Published on July 21st, 2014 | by Mutha Magazine6
Anonymous on A RECENT YOUNG VISITOR
I’m trying to figure out what to say about our first foster placement, a three year old girl who stayed with us for three days before moving suddenly, for reasons beyond anyone’s control.
I could talk about the foster care tropes– her stuffed animals in a garbage bag in the placement worker’s trunk. Taking a child I’d known for three days to the doctor and knowing almost nothing about her. The first night, we didn’t know how to put her to sleep. “I guess we should read some stories?” we said to one another. We sat on the twin bed with her and when she got sniffly I rocked her until she was asleep.
Although I loved her almost immediately, even when she was screaming, which she did often, my love did not keep her safe or calm or stable or even in one place for very long.
We went to Walmart to get all the things she didn’t come with. We bought Pull-Ups and Garanimals and Hello Kitty underpants and lotion and tiny blue sneakers. Things I’ve never bought before. We got a pink stool so she could reach the bathroom sink. One of her braids got stuck in my partner’s earring in the checkout line. She started crying. “Help,” my partner said, looking panicked. “We’re stuck.”
I could talk about my brief first experience of transracial parenting. The knowing smiles we got at our lefty church, where there are a number of white families with adopted children of color. An older black man on a moped stopped me as I was walking home from the park the carrying her. (Yes, I’d been that mom carrying a screaming child from the park. Yes, I was also that mom carrying a big kid who can definitely walk.)
“Is that your baby?”
I tried a vague, “for now,” with a smile, which only invited more questions.
I could say that I felt really, really visibly gay, more gay than I’ve ever felt, that carrying around a black baby made me and my white partner seem more gay. Like a certain kind of lesbians. I’m still trying to figure that out.
I could say that I learned that love doesn’t always affect outcomes, that love isn’t always enough. That acting impeccably isn’t always enough.
I could say that I spent two days as a stay-at-home mom, draining my PTO so I could take her to the doctor and sort out the daycare. Those two days were the most exhausting of my life. It took me an hour to drink a cup of coffee, all day to write two emails. Putting on her shoes was a 20 minute affair. I’ve taken red-eye flights and driven 20 hours straight. I used to work graveyard shifts. I thought I knew what tired was, but I was wrong.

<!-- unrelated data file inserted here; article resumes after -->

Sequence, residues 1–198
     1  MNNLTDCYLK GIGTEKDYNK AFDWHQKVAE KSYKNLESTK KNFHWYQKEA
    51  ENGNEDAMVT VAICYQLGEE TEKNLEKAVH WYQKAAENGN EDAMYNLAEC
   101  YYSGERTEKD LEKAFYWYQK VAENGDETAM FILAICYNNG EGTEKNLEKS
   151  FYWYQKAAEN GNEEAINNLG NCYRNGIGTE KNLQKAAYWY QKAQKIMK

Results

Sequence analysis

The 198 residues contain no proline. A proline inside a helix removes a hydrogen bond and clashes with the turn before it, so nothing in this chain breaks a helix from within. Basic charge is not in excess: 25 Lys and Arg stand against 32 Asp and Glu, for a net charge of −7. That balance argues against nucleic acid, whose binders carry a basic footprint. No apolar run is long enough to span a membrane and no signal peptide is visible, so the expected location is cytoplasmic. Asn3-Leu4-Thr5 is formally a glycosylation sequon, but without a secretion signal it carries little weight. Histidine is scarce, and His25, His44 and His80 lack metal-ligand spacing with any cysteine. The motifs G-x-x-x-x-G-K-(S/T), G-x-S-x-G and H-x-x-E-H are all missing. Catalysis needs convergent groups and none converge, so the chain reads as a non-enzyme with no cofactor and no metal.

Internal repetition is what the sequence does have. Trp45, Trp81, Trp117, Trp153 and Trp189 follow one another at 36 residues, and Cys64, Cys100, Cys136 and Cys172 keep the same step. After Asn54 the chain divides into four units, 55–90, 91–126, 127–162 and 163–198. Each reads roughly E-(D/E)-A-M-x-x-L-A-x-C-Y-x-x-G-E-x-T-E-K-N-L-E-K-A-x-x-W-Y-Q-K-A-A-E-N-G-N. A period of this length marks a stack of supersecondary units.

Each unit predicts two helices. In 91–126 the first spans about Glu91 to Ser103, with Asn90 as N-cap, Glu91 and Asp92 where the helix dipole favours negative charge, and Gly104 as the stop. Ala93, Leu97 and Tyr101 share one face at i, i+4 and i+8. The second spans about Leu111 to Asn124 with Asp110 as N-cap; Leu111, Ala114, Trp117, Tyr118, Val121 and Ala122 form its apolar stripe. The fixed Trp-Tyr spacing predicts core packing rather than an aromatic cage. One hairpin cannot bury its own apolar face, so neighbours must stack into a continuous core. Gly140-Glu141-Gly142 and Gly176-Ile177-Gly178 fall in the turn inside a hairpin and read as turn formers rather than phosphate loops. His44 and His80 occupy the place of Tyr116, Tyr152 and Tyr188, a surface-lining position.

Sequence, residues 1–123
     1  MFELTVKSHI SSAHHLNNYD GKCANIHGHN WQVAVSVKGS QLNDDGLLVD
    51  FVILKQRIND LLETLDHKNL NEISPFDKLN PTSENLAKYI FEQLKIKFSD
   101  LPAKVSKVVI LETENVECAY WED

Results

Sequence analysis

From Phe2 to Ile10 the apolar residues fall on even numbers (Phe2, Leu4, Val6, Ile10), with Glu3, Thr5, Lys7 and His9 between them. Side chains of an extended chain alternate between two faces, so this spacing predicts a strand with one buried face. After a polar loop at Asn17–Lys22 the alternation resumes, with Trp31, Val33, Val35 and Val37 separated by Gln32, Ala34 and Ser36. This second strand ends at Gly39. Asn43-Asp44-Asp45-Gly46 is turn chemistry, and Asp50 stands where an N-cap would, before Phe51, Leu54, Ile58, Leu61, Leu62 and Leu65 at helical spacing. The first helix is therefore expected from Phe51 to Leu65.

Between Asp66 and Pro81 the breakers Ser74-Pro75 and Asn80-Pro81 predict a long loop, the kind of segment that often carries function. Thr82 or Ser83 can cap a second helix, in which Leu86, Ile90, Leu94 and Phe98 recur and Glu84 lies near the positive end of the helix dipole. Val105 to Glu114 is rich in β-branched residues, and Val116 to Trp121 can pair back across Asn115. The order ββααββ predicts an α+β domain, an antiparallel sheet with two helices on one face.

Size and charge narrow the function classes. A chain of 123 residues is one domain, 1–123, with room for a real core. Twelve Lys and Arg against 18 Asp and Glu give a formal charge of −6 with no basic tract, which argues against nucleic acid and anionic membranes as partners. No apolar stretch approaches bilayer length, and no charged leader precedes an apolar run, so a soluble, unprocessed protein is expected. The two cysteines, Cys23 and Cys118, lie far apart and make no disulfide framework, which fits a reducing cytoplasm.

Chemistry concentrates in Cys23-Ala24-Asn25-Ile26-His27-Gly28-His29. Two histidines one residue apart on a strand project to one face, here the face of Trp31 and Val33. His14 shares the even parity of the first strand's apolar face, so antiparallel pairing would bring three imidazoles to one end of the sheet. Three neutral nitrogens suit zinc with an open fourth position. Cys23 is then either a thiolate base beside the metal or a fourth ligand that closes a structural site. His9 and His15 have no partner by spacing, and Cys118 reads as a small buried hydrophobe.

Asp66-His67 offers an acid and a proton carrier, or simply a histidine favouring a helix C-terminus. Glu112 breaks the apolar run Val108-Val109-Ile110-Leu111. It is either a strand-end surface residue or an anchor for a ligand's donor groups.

I could say that it was lovely. It was lovely when she woke up and held out her arms for a hug. It was lovely when she would say “Good job!” to me the way I would when she did something sweet or polite, or when she peed in the toilet. It was lovely when my partner came home with a flower for her, when she warmed up to the dog, when she learned my name.
One of the mantras of foster care is that foster care is for kids who need families, not families who want children. Does it matter that I loved her? In the end we gave her a few days where we tried to be good to her, a few days that had some joy but were surely confusing– and a bunch of shit from Walmart.
I could tell you that I feel irrational, grieving a child who was never really mine, who was only in my home three days. That in three days I bonded, changed completely, and mourned a loss.
The last afternoon, when I knew she would have to move, I packed up all the things that came with her, the clothes we’d bought her, the toys and dresses my mom sent, the doll and tiny stroller my friends gave her, and handed her to someone else, in the parking lot of a grocery store. She screamed and screamed and clung to us, people she’d known for almost exactly 72 hours. We gave her hugs and kisses and got back into my car, where we my partner and I broke down. “That was the hardest thing I’ve ever done,” I said.